Johnny Manziel released by Alouettes for violating contract, CFL bans him from signing with other teams

Canada was supposed to be an image rehabilitation opportunity for Johnny Manziel, but things appear to have gone poorly for the former Heisman Trophy winner and first-round pick, as the Montreal Alouettes announced on Wednesday they were releasing Manziel after the quarterback apparently violated his contract.

Alouettes GM Kavis Reed said the team is "disappointed" and referenced "a great deal of support" from the Alouettes, but couldn't come to an agreement on a very vague situation. 

"We are disappointed by this turn of events. Johnny was provided a great deal of support by our organization, in collaboration with the CFL, but he has been unable to abide by the terms of his agreement," Reed said in a statement. "We worked with the league and presented alternatives to Johnny, who was unwilling to proceed."

Additionally, per the Alouettes, the CFL "has informed all of its clubs that it will not register a contract" -- meaning the league office will not allow anyone to sign Manziel to a contract. 

"We are confident going into the 2019 training camp with a roster of quarterbacks that had played in our system last year and are committed to our team," added Reed.

Manziel responded himself on Twitter after the news broke:

Manziel was one of two first-round picks for the Browns back in 2014, but his time in Cleveland was extremely short, as the controversial quarterback was released by Cleveland in March of 2016. Manziel's career with Cleveland unfolded in disaster fashion, with the quarterback battling substance abuse issues and later on being involved in a domestic violence case with his then girlfriend, a matter that was later dismissed by a Texas court.

At one point Manziel's own father said the quarterback wouldn't even make it to his 24th birthday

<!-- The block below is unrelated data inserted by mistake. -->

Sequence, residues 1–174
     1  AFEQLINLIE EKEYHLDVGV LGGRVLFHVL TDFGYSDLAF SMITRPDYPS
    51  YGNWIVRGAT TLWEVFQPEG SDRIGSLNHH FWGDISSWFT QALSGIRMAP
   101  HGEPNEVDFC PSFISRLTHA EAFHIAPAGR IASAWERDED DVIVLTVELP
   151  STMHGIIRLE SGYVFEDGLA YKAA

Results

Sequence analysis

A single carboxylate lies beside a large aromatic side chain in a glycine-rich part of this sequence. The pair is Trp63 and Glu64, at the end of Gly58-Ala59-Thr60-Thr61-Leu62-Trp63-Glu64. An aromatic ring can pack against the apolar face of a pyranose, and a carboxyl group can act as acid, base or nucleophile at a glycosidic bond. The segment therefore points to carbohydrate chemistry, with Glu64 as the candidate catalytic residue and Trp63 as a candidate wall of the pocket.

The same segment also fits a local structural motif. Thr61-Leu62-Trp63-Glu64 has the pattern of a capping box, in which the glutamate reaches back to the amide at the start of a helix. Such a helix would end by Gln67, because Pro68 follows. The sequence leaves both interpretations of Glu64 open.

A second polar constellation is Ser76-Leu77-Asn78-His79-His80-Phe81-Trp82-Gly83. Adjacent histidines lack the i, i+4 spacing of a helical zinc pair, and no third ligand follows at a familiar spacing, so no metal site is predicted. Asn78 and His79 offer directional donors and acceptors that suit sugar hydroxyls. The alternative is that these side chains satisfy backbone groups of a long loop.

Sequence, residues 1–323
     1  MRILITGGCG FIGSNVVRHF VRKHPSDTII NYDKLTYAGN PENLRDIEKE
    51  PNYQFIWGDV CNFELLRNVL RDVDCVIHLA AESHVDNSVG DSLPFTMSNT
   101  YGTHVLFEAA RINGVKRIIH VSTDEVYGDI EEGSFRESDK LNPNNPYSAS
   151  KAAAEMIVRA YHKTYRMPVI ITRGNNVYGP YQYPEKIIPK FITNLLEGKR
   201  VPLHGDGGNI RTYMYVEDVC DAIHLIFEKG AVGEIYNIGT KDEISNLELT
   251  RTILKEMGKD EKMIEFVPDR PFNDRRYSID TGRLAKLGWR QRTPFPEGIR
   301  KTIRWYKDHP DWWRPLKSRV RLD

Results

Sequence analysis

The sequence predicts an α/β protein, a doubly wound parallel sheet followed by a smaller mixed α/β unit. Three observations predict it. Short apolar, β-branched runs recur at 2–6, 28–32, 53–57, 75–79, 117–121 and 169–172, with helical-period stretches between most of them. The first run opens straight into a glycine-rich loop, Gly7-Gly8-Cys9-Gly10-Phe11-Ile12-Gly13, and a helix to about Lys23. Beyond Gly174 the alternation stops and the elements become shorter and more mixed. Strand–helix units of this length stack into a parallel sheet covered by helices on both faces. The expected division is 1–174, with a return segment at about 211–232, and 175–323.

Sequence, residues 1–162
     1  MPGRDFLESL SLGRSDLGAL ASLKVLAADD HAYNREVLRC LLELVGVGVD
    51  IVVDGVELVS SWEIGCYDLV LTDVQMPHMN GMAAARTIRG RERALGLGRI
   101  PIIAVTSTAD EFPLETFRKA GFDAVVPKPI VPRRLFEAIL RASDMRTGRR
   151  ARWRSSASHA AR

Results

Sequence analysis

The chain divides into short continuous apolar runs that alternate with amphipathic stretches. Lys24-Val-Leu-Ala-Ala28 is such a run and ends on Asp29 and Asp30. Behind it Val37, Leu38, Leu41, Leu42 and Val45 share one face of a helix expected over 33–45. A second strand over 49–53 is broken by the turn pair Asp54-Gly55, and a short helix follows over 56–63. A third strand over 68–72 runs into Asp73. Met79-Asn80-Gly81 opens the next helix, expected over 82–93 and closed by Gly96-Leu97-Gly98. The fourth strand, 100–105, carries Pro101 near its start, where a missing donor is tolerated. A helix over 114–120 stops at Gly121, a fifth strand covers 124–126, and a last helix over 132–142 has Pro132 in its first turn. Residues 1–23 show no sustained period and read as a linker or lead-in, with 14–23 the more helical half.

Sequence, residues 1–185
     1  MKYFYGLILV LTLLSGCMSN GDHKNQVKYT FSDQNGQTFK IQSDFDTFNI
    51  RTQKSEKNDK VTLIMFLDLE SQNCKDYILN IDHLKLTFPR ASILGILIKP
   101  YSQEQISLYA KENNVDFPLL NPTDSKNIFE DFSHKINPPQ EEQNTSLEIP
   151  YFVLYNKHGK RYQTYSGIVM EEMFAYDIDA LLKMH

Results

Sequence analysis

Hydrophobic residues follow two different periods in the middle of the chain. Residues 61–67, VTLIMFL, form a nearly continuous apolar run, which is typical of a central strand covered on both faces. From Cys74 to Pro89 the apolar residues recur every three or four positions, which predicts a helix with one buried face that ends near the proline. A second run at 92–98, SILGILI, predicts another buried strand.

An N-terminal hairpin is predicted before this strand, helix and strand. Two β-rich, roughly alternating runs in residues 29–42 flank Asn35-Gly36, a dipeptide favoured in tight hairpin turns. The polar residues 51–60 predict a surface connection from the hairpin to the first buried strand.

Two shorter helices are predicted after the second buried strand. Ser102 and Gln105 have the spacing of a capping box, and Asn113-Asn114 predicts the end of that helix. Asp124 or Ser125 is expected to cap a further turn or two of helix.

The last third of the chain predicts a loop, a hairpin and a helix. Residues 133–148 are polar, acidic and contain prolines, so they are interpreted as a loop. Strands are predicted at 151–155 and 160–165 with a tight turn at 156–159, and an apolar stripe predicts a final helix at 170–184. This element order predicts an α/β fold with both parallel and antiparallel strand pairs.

Manziel would eventually seek help via rehab and get clean, as he detailed in a public interview during the offseason last year. But he needed to show NFL teams he could play football and function on a roster, so Manziel turned to the CFL for employment, signing a contract with the Hamilton Tiger-Cats before the 2018 CFL season

Stuck on the depth chart behind Jeremiah Masoli, Manziel was traded to the Alouettes and had a disastrous debut, throwing four picks in his first start with Montreal. The QB's second start was much better, but his time in Montreal has not been outstanding.

He was supposed to be going through what the league called "extensive and exhaustive" conditions as a result of his employment, including monthly Lithium tests and weekly therapy. 

From Lorenzo Reyes of USA Today back in 2018:

Whether he plays or not, Manziel's employment in the CFL will depend on conditions set forth by the league, which called them "extensive and exacting." Manziel labels them "mutually beneficial."

Though the CFL has declined to make those stipulations public due to Canadian privacy laws and an assurance that they would stay confidential, Manziel revealed they include mandatory doctor visits and required Lithium tests each month. He also must visit with a therapist once a week.

So while it's easy to jump to conclusions and assume Manziel did something specifically wrong here, it's possible that Manziel ultimately decided he was tired of doing the requirements that the league imposed on him as a result of his contract despite it being the offseason. 

What happens next? There are already dots being connected to Manziel and the Alliance of American Football. Per CBS Sports Ben Kercheval, it's likely that Manziel would be assigned to San Antonio, but it's also even more likely that teams might take issue with the manner in which he was let go by the CFL.

Manziel himself tweeted that he plans on seeking other options within the United States.

Regardless of how things play out, Manziel's future in football remains just as cloudy as ever. 

CBS Sports Senior Writer

Will Brinson joined CBS Sports in 2010 and enters his seventh season covering the NFL for CBS. He previously wrote for FanHouse along with myriad other Internet sites. A North Carolina native who lives... Full Bio

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